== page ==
b. Use basic theatre research methods to better understand the social and cultural background of a drama/theatre work.
b. Explore how personal beliefs and biases can affect the interpretation of research data applied in drama/theatre work.
b. Present and support an opinion about the social, cultural, and historical understandings of a drama/theatre work, based on critical research.
b. Explore the impact of technology on design choices in a drama/theatre work.
c. Use script analysis to generate ideas about a character that is believable and authentic in a drama/theatre work.
b. Understand and apply technology to design solutions for a drama/theatre work.
c. Use personal experiences and knowledge to develop a character that is believable and authentic in a drama/theatre work.
b. Create a complete design for a drama/theatre work that incorporates all elements of technology.
c. Integrate cultural and historical contexts with personal experiences to create a character that is believable and authentic, in a drama/theatre work.
b. Investigate the collaborative nature of the actor, director, playwright, and designers and explore their interdependent roles in a drama/theatre work.
b. Cooperate as a creative team to make interpretive choices for a drama/theatre work.
b. Collaborate as a creative team to discover artistic solutions and make interpretive choices in a devised or scripted drama/theatre work.
b. Explore physical, vocal and physiological choices to develop a performance that is believable, authentic, and relevant to a drama/theatre work.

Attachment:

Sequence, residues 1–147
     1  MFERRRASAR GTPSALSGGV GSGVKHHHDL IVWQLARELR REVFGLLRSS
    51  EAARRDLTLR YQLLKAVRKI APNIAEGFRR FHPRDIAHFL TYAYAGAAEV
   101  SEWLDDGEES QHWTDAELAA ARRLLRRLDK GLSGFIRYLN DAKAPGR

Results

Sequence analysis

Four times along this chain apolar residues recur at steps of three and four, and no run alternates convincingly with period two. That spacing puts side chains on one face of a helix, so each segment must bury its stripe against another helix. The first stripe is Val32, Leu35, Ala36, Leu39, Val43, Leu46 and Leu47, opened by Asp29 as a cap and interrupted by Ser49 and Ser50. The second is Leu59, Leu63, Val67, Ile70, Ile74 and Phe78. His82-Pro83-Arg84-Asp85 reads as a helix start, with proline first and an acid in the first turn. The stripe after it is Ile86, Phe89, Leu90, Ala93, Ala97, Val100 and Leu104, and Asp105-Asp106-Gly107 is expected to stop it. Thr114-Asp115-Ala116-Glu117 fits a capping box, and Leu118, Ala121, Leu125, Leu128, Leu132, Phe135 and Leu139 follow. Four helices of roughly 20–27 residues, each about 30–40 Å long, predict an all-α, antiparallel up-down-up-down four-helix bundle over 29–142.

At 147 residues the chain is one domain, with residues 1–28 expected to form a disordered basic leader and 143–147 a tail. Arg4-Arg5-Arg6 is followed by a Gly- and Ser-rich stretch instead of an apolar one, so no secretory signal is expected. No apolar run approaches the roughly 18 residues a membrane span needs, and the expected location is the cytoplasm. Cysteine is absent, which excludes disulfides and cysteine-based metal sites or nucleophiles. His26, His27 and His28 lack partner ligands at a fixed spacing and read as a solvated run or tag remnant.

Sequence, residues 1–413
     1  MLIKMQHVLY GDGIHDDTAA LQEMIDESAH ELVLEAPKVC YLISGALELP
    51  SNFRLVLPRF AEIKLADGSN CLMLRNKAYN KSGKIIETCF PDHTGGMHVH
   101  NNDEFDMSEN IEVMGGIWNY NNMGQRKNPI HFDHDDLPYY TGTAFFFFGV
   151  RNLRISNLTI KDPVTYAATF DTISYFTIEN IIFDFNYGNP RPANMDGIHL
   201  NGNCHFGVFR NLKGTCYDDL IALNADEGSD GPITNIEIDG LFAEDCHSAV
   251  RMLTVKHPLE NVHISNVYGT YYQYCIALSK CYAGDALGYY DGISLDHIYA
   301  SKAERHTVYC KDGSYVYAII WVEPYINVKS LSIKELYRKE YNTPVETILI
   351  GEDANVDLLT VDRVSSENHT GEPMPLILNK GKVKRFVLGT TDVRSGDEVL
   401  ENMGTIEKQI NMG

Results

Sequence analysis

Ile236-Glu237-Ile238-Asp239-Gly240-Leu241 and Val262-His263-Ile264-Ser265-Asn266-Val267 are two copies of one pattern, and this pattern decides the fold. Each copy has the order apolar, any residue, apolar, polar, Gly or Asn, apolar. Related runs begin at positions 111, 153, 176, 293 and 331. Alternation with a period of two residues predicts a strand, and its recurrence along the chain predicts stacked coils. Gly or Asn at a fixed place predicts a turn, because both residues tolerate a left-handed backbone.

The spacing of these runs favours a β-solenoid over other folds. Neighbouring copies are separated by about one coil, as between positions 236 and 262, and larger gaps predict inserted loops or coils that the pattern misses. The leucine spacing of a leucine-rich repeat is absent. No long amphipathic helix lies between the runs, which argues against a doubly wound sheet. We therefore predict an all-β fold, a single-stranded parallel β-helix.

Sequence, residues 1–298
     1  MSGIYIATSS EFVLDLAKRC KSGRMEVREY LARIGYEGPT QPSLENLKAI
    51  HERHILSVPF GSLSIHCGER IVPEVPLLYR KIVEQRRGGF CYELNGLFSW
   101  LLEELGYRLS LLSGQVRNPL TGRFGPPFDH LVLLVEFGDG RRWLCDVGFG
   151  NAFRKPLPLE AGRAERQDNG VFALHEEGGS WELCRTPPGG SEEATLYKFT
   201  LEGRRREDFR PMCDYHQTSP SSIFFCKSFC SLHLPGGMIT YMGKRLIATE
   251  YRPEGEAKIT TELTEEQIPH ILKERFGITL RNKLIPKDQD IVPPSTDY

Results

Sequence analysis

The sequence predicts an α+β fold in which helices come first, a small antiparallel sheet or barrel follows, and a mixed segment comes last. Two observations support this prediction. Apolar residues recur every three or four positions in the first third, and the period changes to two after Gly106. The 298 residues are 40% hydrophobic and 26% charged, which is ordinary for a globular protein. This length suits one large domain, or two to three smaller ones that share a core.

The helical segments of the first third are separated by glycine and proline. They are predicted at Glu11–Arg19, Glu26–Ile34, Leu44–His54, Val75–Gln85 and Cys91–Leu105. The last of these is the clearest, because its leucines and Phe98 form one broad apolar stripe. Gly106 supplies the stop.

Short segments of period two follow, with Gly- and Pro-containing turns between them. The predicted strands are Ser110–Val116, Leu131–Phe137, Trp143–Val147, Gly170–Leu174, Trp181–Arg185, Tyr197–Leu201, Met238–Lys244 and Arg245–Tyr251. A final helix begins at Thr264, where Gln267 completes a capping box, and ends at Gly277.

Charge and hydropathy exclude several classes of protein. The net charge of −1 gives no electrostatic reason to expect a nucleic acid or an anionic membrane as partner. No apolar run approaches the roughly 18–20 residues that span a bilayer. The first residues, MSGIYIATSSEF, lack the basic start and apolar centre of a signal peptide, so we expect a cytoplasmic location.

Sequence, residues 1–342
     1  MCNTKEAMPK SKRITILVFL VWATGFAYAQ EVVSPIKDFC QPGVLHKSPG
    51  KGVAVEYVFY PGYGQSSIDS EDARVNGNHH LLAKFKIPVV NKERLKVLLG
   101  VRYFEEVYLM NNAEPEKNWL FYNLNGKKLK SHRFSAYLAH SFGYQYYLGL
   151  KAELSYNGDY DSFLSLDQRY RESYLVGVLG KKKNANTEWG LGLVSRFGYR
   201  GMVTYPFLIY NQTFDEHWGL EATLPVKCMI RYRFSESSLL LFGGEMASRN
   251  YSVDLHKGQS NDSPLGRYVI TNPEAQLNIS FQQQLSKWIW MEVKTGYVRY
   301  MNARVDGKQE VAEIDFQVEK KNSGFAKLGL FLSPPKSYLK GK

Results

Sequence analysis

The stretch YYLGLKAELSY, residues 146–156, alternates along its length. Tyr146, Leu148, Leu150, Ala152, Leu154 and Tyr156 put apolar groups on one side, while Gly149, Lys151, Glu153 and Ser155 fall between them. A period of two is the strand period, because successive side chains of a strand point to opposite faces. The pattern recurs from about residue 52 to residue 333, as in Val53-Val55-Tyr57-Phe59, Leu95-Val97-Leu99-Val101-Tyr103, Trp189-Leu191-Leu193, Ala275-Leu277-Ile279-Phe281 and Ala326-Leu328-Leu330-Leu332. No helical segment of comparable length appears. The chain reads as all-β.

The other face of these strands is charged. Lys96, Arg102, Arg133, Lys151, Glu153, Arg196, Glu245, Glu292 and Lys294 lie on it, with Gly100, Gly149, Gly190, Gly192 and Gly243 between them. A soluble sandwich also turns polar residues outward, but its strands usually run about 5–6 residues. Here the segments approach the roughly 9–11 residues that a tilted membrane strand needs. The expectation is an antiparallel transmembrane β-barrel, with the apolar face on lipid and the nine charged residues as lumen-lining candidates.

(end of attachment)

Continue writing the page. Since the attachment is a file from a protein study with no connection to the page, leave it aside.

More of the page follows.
c. Refine technical design choices to support the story and emotional impact of a devised or scripted drama/ theatre work.
b. Use research and script analysis to revise physical, vocal, and physiological choices impacting the believability and relevance of a drama/ theatre work.
c. Re-imagine and revise technical design choices during the course of a rehearsal process to enhance the story and emotional impact of a devised or scripted drama/theatre work.
b. Synthesize ideas from research, script analysis, and context to create a performance that is believable, authentic, and relevant in a drama/theatre work.
c. Apply a high level of technical proficiencies to the rehearsal process to support the story and emotional impact of a devised or scripted drama/theatre work.
b. Shape character choices using given circumstances in a drama/theatre work.
b. Identify essential text information, research from various sources, and the director’s concept that influence character choices in a drama/theatre work.
b. Apply a variety of researched acting techniques as an approach to character choices in a drama/theatre work.
b. Use researched technical elements to increase the impact of design for a drama/theatre production.
b. Apply technical elements and research to create a design that communicates the concept of a drama/theatre production.
b. Explain and justify the selection of technical elements used to build a design that communicates the concept of a drama/theatre production.
b. Identify and compare cultural perspectives and contexts that may influence the evaluation of a drama/theatre work.
c. Justify personal aesthetics, preferences, and beliefs through participation in and observation of a drama/theatre work.
b. Apply concepts from a drama/theatre work for personal realization about cultural perspectives and understanding.
c. Debate and distinguish multiple aesthetics, preferences, and beliefs through participation in and observation of drama/theatre work.
b. Use new understandings of cultures and contexts to shape personal responses to drama/theatre work.
c. Support and explain aesthetics, preferences, and beliefs to create a context for critical research that informs artistic decisions in a drama/theatre work.
b. Consider the aesthetics of the production elements in a drama/theatre work.